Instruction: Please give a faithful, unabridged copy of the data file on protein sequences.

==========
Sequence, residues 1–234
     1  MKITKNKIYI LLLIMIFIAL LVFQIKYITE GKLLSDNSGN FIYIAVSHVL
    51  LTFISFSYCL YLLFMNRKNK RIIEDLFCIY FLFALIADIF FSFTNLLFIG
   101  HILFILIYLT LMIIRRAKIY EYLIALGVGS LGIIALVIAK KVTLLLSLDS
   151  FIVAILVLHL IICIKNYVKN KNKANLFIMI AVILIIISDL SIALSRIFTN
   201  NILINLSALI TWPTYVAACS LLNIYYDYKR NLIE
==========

Sequence, residues 1–234
     1  MKITKNKIYI LLLIMIFIAL LVFQIKYITE GKLLSDNSGN FIYIAVSHVL
    51  LTFISFSYCL YLLFMNRKNK RIIEDLFCIY FLFALIADIF FSFTNLLFIG
   101  HILFILIYLT LMIIRRAKIY EYLIALGVGS LGIIALVIAK KVTLLLSLDS
   151  FIVAILVLHL IICIKNYVKN KNKANLFIMI AVILIIISDL SIALSRIFTN
   201  NILINLSALI TWPTYVAACS LLNIYYDYKR NLIE